When I think about what ties most of my favorite music together, one thing really sticks out — I originally thought it sucked.
I listen, mostly, to the type of indie rock that is somewhat repulsive but has an impassioned cult following. I’m always embarrassed to play it during car rides, parties or literally any place where someone else might hear it. But, you can bet that on my early morning drives out to the research forest and late-night walks back to my dorm, my ears are tuned into the whiny, dissonant voices spewing mediocre bedroom poetry.
Back in high school, I drove my the family-hand-me-down Toyota Rav4 up and down the Westchester parkways, listening primarily to my “Pop/Folk-Punk” Spotify playlist. It featured New Jersey folk-punk band The Front Bottoms, Welsh pop-punk band Neck Deep, and emo-pop idols All Time Low, even though none of which are really known for superb music making.
The Front Bottoms were my absolute favorite. My friends, on the other hand, hated them for the band’s simplistic chanting. They got more frustrated with every trip in the soccer mom-mobile marked by The Front Bottom’s characteristic loquacity about outlandishly minute details. I totally understood my friend’s resentment — I remembered that when The Front Bottoms first popped up on some internet-algorithm-created playlist, I didn’t approve of them either. But slowly but surely, I’d hear a line that I thought was funny, creative or novel.
Not just in spite of, but because of, the stupid metaphors they spin, their lyrics ended up on a constant loop in my head. They wrote about everyday life in ways that seem boring, but they approach it with a unique amount of attention and earnestness that allowed the metaphors to be lucid without falling into classic tropes.
Girlpool is similar, too. Although they have somehow achieved critical acclaim despite their music being, in my opinion, downright hard to start with. While their voices sometimes come together in stunning and relieving harmonies, bandmates Cleo Tucker and Harmony Tividad often sing in amateurish and conflicting tunes. When I first listened to them, I found it grating. But I felt that I owed it to the person who had recommended them to me to try it again. So I kept listening, and kept listening, and kept not liking them until at some point, I noticed the subtle genius of their turns of phrase and became endeared to the interplay of their voices.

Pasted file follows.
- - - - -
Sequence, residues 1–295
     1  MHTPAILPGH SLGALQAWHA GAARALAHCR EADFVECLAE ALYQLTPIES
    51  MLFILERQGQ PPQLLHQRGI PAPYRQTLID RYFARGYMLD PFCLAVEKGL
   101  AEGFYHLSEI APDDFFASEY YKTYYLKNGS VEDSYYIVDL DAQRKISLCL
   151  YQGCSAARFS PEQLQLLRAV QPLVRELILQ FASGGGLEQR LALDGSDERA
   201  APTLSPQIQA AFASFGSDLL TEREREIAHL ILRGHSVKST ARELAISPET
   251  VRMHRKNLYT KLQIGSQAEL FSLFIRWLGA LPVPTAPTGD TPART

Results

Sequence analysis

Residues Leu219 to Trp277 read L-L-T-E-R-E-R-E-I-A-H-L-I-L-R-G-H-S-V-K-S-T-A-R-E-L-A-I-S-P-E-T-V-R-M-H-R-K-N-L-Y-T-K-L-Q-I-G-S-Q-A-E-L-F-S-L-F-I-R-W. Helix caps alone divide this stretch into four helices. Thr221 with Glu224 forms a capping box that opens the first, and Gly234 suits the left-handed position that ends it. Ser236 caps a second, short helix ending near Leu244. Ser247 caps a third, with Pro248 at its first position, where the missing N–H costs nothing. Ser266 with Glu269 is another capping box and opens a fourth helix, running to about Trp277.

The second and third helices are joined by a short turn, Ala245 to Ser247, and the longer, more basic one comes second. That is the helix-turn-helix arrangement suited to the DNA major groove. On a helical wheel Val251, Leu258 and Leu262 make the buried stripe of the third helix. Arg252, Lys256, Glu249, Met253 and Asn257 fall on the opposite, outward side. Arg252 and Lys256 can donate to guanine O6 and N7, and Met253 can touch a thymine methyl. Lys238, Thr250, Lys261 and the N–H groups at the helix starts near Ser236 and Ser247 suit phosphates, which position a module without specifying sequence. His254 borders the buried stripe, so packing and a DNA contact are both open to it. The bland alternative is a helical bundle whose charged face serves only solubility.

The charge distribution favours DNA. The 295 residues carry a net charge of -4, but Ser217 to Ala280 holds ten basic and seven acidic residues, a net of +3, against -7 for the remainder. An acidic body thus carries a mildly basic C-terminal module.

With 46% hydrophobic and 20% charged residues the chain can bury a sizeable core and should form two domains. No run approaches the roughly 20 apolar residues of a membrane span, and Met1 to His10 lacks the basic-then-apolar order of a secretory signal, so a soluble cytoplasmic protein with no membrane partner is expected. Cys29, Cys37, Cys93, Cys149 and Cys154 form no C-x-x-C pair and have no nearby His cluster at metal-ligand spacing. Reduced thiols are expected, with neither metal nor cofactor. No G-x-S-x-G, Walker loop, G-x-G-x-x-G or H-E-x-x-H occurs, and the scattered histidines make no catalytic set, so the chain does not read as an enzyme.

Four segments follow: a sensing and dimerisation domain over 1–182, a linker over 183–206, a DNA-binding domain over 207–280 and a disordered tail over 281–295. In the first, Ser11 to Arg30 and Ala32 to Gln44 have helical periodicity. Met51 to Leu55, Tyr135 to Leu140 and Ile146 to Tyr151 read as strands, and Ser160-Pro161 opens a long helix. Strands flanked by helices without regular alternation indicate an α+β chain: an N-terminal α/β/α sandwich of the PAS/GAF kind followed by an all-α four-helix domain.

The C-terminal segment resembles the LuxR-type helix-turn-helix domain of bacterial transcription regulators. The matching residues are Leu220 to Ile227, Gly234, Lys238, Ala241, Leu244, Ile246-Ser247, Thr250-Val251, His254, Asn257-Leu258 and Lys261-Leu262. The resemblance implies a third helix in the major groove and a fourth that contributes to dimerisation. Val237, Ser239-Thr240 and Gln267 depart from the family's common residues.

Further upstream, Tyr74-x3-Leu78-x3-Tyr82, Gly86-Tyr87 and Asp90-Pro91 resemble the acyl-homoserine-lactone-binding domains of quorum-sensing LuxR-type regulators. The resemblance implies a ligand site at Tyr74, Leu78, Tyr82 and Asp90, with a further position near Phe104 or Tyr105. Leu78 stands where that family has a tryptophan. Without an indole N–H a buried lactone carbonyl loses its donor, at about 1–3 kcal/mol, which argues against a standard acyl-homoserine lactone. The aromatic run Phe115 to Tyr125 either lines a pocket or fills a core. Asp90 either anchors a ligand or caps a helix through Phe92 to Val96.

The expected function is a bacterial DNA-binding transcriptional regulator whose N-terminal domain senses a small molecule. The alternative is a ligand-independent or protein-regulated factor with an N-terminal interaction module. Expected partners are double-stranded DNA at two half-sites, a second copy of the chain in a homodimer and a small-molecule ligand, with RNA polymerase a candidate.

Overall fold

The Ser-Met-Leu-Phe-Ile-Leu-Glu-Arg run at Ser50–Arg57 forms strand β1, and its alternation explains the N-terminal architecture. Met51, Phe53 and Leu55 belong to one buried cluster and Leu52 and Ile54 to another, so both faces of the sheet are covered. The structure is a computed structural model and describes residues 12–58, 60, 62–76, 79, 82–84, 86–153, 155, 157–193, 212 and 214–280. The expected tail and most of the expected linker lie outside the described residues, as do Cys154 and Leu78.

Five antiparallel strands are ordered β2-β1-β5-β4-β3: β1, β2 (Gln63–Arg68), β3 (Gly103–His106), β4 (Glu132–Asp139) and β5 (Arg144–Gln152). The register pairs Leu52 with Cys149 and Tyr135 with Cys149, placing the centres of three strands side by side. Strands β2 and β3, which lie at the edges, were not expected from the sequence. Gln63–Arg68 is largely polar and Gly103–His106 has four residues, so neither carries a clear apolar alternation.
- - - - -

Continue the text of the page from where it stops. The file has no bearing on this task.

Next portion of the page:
Girlpool became one of my favorite acts, so much that when I saw them down at The Haunt last spring, I stood struck in complete awe for their whole set. I left feeling like a changed, or newly spiritual, or finally actualized person. Despite my deep appreciation for the power of the group’s music, I still feel like a public nuisance when I play even their best work out loud.
I think what I’m really seeking for in music is vulnerability, mistakes, aggression or the whining that I don’t want to express in other aspects of my life. The wretchedness of the sound provides comfort in the face of the wretchedness of the world.
Just like the experience of seeing a beautiful painting is often portrayed as a shining aesthetic experience, you can depict listening to outstanding music in the same way. But I can hardly say that’s what I’m going for when I throw in my earbuds. I want the stuff that I know, I want the run-of-the-mill, I want commiseration and validation. Great music is, well, great, but I’m not looking for a trip to The Met on my walk to class or to stroll around the Louvre at 2 a.m. Who would want that?
What does the “Mona Lisa” have to say about a terrible, no good, very bad day? Probably little, but it’s easy to tell it’s beautiful. Conversely, Picasso’s “Guernica” is harsh and grotesque, critiquing a depraved state of humans: in war, suffering the effects of bombings. Both are acclaimed paintings, but I think It’s harder to see the beauty of Guernica when placed against vibrant landscapes, realistically detailed portraits, or even shadowy paintings of tragic scenes. And while, on first sight, Guernica lacks the simple signatures of beauty that you can find in other paintings, it has a potent ability to portray the worst that is beautiful in itself.
I’m reluctant to compare The Front Bottoms or Girlpool to Picasso, but both have made clear the value of art that isn’t all cut flowers and pretty faces, or sweet voices and cordial harmonies. And by making a more true-to-life artistic experience out of the rest of the bad, this art is comforting and kind in depicting a world that is not.
Katie Sims is a junior in the College of Agriculture and Life Sciences. She can be reached at firstname.lastname@example.org. Resident Bad Movie Critic runs alternate Tuesdays this semester.